This morning we released our ranking of America's most cantankerous film critics, and since then, several people, including winner Kyle Smith of the New York Post, have asked why longtime New York City critic Armond White was left out of our contest. White, who recently moved from New York Press to City Arts, certainly has a reputation for being one of the more cantankerous critics out there. But he wasn't eligible for our contest because we only included those Rotten Tomatoes deemed "Top Critics," and White is not one. Rather than adding and removing people based on our own impressions of which critics matter and which do not, it felt more objective to defer to their list. We asked why White isn't on the Rotten Tomatoes list, and editor in chief Matt Atchity told us, "Armond White has never been a Top Critic, mainly because his outlets have never had a significant reach outside of NYC."
Of course, White's personal reach, especially in in media circles, has usually far outdistanced his outlets. He worked for the City Sun for years before moving to the weekly New York Press and now reviews for CityArts, which is a free semi-monthly that is "distributed to buildings and prominently located news boxes in Manhattan, as well as to galleries, museums, performing arts centers, schools, cultural centers, hotels and numerous other organizations throughout Manhattan." But his penchant for riling up his peers has given him plenty of notoriety over his career. He once said Roger Ebert "destroyed film criticism." Ebert, in turn, called him a "troll," a characterization that has been echoed by other over the years. (For a fuller picture of the controversy he's raised, read this very entertaining New York magazine profile.) When White moved to CityArts last fall, his reviews actually dropped entirely from Rotten Tomatoes, leading to speculation that the site had dropped him over his too-contrarian review of Jack and Jill. But Atchity told AV Club at the time, “That’s just Armond being Armond. Some people just like to stir up controversy.”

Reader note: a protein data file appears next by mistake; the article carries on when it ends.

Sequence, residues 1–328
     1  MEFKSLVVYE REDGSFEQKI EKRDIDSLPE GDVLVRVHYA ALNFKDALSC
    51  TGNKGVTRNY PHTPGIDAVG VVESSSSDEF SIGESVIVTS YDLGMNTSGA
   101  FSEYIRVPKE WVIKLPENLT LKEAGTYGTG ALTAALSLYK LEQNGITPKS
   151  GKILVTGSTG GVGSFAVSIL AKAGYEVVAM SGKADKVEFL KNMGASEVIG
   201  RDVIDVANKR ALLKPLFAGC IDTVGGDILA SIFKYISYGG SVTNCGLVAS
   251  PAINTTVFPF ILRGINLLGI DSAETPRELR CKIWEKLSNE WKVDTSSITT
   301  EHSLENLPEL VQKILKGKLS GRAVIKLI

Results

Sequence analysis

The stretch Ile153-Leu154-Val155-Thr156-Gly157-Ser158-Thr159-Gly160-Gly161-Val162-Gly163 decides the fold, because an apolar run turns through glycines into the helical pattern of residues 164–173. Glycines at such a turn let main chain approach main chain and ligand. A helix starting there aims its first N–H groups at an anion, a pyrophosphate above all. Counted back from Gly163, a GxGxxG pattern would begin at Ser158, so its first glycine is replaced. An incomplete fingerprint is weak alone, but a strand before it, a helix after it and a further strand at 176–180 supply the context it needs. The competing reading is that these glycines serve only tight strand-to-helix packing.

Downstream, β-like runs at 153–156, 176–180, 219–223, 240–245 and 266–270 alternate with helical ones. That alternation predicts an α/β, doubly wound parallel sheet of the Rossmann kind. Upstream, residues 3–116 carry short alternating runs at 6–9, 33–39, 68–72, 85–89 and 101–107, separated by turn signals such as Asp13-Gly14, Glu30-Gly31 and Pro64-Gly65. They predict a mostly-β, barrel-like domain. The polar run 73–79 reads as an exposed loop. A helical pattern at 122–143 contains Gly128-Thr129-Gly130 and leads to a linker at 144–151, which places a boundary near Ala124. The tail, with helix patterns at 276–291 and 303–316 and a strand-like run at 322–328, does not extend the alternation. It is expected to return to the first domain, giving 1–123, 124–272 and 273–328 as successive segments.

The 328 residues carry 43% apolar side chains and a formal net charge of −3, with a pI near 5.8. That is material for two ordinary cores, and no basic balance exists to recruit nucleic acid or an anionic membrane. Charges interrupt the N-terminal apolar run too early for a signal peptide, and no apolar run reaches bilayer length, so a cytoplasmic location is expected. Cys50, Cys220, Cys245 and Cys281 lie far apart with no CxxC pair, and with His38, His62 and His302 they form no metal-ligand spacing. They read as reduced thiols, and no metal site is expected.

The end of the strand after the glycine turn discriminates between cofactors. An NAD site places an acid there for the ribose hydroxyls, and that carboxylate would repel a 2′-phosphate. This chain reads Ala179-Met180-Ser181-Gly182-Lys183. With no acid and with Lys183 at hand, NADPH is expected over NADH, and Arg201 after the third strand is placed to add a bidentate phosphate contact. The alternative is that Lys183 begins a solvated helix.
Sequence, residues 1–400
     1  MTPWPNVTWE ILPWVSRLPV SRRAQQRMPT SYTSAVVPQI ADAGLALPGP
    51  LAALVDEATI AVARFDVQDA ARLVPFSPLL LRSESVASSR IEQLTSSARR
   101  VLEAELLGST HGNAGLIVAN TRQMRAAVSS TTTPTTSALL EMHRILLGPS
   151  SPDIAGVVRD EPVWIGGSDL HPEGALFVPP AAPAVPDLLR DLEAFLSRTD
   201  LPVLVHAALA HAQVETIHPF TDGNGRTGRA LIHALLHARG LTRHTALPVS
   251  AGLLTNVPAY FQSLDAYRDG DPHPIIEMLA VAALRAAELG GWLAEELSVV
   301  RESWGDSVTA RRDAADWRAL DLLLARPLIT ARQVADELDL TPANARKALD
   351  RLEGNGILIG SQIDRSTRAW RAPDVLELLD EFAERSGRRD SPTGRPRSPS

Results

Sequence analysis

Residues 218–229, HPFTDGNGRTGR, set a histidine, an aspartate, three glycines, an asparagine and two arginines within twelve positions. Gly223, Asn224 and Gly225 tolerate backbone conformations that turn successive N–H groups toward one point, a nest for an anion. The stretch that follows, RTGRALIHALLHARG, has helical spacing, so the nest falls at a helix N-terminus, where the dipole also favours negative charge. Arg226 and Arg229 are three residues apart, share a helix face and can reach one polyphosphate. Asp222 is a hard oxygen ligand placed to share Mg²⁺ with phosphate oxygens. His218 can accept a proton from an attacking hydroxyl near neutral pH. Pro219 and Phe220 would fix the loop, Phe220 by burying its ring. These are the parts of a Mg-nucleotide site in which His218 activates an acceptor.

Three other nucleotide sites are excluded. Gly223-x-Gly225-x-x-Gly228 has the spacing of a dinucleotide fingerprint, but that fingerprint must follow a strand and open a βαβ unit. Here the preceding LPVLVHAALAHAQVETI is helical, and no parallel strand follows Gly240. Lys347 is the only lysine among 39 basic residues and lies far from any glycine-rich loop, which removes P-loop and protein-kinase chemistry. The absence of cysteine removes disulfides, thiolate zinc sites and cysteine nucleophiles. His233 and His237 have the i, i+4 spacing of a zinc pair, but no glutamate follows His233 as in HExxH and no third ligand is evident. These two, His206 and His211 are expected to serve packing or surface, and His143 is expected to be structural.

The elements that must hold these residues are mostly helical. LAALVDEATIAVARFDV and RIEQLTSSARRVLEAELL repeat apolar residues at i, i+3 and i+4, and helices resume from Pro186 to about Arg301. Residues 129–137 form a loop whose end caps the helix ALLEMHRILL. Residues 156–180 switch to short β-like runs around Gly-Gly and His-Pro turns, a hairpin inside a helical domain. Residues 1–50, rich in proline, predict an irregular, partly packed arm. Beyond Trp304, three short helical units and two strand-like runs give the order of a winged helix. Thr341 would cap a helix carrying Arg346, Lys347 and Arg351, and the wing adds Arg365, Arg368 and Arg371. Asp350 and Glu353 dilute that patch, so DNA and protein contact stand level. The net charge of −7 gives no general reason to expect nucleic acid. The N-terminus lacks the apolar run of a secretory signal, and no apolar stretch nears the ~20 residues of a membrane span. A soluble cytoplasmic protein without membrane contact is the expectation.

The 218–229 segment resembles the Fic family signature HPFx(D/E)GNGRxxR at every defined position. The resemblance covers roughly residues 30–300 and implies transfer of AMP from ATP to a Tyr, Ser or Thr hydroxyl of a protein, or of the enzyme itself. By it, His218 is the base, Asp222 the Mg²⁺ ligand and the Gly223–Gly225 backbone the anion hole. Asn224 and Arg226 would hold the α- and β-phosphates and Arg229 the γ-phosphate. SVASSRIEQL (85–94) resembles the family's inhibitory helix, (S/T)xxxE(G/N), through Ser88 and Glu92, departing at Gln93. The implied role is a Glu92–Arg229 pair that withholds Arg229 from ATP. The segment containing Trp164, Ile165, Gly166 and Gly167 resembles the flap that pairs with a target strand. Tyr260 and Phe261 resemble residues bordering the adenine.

Ultimately, though, rules are rules, the Rotten Tomatoes list was the one we went with, and that means White is disqualified. But, out of curiosity, we crunched the numbers to find out how he would have scored. Out of the 180 best- and worst-reviewed movies we examined, he gave 20 bad reviews to well-liked movies including Midnight in Paris, Star Trek, and The Social Network and seven good reviews to disliked movies including Grown Ups, Dance Flick, and Transformers: Revenge of the Fallen. That’s 27 against-the-grain reviews in total. And it would have edged just past Kyle Smith's 22 outlier reviews. It's a tough loss on a technicality, but we wanted to give him his moment in the sun. Congratulations, Mr. White. You have incredibly unique opinions on film.
This article is from the archive of our partner The Wire.